Oh man….Where do I begin? Well for starters – I’m alive, I finished, and I didn’t hate it! I’m also tired enough it took several days of writing to finish this post 🙂
I’m aware in the two weeks leading up to the race (as compared to the five months prior) I’ve been relatively quiet on social media and the blog. It’s not for lack of talking about running – ask literally anyone that knows me. However I’m a naturally anxious person, so I’ve spent a lot of time trying to curb that anxiety and replace it with positive vibes. Subtext: This is going to be a long post.
My final run was the Wednesday before the race. I went out for 3 miles with my training buddy Becca and we reflected on all our training and how I bet when she met me, she had no idea she would end up running a marathon eight months later (of course neither did I at the time). I spent the rest of the week making posters , picking out the ever important race -day outfit, fine tuning my playlist, making pace bands, guzzling water, and refreshing the weather app on my phone every hour.
Sunday morning was an early one. I didn’t sleep as well as I’d hoped the night before (see: ANXIETY) so my 4:30 alarm was a little unwelcome. My brothers were running the 5K race that morning, so we drove down together, while my friends rode in another car and parked separately. My anxiety spiked when we didn’t find a parking spot right away (we got one like 5 minutes later) and it continued to build as the minutes ticked by. I just wanted to meet up with my group one last time. As soon as we finally met up a huge relief washed over me. We snapped some photos, shared some hugs and split back up to our respective pace groups. My brothers escorted Jessie and I near(ish) our starting positions before they walked to watch the gun go off. Although I missed the company of our big group, it felt right that 1 year after our first time racing together, my best friend and I were back in downtown Austin at start line for our first marathon.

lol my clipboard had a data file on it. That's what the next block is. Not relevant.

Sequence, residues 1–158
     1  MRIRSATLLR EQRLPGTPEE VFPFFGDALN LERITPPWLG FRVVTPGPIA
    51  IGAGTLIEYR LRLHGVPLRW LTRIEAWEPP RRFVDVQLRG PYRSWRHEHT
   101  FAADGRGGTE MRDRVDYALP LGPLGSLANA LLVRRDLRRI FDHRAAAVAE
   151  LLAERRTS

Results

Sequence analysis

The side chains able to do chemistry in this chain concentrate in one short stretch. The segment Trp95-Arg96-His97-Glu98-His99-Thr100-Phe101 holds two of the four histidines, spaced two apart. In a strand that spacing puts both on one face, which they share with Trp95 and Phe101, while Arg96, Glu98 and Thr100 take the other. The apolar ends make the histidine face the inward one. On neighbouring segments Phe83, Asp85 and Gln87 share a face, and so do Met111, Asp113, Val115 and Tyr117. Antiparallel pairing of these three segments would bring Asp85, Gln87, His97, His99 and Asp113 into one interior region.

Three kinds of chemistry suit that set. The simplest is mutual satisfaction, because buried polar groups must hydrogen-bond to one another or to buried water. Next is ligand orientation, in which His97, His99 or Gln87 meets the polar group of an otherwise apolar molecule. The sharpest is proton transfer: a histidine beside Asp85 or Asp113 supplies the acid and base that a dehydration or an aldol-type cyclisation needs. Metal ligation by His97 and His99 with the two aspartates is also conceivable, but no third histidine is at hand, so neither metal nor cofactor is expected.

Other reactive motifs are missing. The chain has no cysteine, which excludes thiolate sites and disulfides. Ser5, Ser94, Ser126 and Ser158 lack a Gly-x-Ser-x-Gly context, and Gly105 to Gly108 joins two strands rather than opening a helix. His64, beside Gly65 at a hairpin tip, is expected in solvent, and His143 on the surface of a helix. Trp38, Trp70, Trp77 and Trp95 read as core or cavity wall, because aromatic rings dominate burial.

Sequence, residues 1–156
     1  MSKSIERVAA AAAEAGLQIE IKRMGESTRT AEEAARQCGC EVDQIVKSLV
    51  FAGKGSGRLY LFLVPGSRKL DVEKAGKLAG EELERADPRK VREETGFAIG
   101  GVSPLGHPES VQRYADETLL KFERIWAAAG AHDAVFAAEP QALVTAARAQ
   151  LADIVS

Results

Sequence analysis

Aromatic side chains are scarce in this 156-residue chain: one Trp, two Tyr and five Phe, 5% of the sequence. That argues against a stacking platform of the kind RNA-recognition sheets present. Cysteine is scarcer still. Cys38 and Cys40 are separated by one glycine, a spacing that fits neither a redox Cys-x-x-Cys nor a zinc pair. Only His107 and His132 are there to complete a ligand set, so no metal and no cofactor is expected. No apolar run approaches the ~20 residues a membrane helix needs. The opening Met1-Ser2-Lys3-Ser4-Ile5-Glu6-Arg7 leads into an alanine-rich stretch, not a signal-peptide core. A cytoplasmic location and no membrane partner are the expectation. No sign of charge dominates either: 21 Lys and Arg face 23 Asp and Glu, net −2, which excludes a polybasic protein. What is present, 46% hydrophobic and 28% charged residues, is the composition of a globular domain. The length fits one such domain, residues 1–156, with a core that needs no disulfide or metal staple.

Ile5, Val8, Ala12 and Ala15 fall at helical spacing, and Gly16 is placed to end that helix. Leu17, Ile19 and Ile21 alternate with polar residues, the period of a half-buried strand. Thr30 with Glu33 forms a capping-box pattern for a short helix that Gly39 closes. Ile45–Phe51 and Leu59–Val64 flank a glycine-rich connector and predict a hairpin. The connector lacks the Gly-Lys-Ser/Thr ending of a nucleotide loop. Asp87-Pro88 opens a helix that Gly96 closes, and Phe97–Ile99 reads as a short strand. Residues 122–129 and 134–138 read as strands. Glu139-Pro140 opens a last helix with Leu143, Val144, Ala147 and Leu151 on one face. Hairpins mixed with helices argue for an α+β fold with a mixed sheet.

I checked my phone one last time before turning it off and saw an a text from a friend “…You are so strong, don’t let 26.2 miles get you down. You got this!” (followed of course by a little line of comedic relief). It was the perfect combination of exactly what I needed at that moment to shake off the last of my anxiety and start strong.
On the Congress bridge, not even a 1/2 mile from the start line, I saw a woman holding the first poster of the race. It read:
There will be a day when you can no longer do this. TODAY is not that day.
I immediately started tearing up then quickly stopped myself. It was way too early to start being so emotional (not to mention it made it really hard to breathe). Still the words really stuck with me the rest of the race — what a gift to be able to run, let alone run 26.2 miles! (Spoiler: I end up crying a lot anyway, but you know – the good kind of tears).